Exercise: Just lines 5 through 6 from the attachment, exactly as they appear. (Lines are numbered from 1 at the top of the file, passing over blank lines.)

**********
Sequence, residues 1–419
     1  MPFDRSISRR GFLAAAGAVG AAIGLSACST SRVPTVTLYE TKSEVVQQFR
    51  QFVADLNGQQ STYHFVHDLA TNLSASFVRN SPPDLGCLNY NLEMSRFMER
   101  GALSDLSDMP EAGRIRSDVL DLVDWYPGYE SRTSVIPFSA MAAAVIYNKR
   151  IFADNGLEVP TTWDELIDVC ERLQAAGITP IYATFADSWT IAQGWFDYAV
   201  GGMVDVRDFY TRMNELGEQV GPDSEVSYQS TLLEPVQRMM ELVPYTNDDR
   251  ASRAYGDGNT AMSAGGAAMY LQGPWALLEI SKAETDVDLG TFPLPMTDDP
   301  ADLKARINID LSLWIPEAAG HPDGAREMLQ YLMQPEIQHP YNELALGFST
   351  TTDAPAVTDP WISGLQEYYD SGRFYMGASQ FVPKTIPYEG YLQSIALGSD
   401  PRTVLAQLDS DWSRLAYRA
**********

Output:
   151  IFADNGLEVP TTWDELIDVC ERLQAAGITP IYATFADSWT IAQGWFDYAV
   201  GGMVDVRDFY TRMNELGEQV GPDSEVSYQS TLLEPVQRMM ELVPYTNDDR